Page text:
Glass of All Kinds

Clear Container Glass

Recycling glass is just plain simple. Now don't worry about removing the label 'cause it's glued on like it had to be there a hundred years. Just rinse the bottle or jar. Then put it in a cardboard box, grocery bag, plastic pail, or your red curbside recycling bin until pickup day, which is the same day as regular garbage service. Keep glass separated by colors. Pretty darn easy.

Consider purchasing products in clear glass containers whenever possible. Few Oregon products use brown or green glass containers which means local demand for recycled colored glass is very limited. You can help Oregon glass recyclers by selecting food and beverage containers made of clear glass when you are given a choice by the product manufacturer.

Put the lid back on the jar after you have rinsed it. This way you will have the proper lid handy if you wish to reuse the container. When you are ready to recycle your glass containers, you can put the metal jar lids in with your tin cans and recycle them that way. Remember, if you are going to reuse a glass container for food storage, be sure to wash both the lid and jar with soap and hot water first.

What Is Cullet?

From the recycling center or depot, glass is made into what recyclers call cullet. Cullet what you will, it's still just broken glass. Because broken glass is dangerous to handle, always keep your recycled glass whole and let the professionals crush the glass for shipment and remanufacture.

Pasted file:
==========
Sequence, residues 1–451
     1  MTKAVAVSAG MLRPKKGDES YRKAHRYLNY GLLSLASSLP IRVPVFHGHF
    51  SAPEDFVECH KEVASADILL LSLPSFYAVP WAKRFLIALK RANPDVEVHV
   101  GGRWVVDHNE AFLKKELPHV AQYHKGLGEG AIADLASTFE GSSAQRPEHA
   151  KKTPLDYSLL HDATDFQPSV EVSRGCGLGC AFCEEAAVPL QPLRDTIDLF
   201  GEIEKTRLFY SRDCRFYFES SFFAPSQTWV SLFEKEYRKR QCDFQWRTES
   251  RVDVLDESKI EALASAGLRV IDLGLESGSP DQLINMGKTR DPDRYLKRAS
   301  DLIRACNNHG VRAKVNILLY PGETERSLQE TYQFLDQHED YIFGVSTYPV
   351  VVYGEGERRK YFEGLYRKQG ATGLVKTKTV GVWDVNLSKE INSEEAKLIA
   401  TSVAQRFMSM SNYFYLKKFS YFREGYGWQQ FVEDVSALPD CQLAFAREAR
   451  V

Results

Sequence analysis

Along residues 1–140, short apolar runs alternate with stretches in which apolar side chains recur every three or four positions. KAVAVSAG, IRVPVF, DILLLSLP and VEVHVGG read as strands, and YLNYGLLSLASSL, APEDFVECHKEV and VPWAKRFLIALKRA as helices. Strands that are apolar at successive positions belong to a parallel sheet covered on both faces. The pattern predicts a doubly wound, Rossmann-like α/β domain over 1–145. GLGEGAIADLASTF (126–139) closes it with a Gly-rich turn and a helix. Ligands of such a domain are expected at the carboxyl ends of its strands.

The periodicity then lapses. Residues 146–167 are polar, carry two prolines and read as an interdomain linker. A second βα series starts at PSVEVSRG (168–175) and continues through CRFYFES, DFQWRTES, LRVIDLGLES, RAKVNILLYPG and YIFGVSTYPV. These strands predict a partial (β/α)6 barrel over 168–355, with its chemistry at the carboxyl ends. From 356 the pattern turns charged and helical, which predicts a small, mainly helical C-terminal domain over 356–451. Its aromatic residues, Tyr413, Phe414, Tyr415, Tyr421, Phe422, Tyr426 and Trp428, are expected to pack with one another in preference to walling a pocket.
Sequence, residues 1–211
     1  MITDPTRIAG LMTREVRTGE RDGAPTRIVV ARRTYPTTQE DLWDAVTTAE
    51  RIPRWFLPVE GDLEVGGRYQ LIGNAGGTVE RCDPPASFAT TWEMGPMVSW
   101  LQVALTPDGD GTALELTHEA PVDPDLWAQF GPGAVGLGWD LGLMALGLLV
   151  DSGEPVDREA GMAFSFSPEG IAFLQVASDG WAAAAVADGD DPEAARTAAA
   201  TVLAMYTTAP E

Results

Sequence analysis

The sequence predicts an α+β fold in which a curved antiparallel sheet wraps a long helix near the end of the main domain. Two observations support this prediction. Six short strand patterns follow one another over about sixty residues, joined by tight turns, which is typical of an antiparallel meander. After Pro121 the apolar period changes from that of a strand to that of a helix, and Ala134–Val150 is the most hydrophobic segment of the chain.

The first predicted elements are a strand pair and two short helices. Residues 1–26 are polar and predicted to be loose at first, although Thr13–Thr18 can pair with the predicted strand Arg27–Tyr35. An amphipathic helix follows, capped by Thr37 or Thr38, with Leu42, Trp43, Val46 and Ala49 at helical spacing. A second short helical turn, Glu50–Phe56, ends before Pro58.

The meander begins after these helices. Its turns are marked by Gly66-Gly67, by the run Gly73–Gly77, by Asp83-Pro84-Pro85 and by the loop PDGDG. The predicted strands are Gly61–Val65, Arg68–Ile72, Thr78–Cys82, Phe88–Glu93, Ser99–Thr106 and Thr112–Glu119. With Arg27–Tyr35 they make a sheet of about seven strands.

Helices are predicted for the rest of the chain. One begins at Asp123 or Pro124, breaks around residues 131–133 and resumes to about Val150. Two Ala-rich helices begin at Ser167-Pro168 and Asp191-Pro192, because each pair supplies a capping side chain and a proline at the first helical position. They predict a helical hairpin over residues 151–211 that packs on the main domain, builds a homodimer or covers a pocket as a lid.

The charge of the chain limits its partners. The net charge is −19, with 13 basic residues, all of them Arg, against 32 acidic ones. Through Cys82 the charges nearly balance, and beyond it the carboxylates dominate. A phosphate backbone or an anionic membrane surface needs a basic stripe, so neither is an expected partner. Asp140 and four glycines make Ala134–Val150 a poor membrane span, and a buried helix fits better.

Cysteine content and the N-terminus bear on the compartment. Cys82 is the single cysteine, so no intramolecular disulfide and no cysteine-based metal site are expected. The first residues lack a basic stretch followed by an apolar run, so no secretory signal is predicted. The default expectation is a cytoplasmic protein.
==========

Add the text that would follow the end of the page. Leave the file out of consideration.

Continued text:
Green & Brown Glass

Colored glass is most often used to bottle wine and beer. Wine bottles that use a cork may be reused by the wine industry. An easy to remember rule of thumb is: If the container is tinted, whether green, brown, or even blue, it is colored glass. Separate your colored glass from clear glass before curbside collection. Recycling dropoff centers also require that you sort glass by color.

Be sure to look for and remove the heavy lead foil found on the necks some corked wine bottles. Whatever the tradition, there are still a few unenlightened wineries packaging their food product with lead around the pouring spout. If lead is left on the bottle, it will contaminate the glass when it is melted in the remanufacturing process.

So let's get the lead out and remove that heavy lead foil. Fold these scraps of soft lead into filbert-sized wads, save them up, and drop them off at any Les Schwab Tire center in the state of Oregon. These folks have agreed to accept this material and recycle it with their used lead wheel-balancing weights. Lead is poisonous if eaten, so always keep it safely stored away from children and pets.

Non-Recyclable Kinds of Glass

There are varieties of household glass that cannot be recycled. Chemical composition prevents the recycling of frosted glass, mirror glass, light bulbs, ceramic items, window glass, drinking glasses and "Pyrex". Please do not put any glass items other than bottles or jars with your recyclable container glass.

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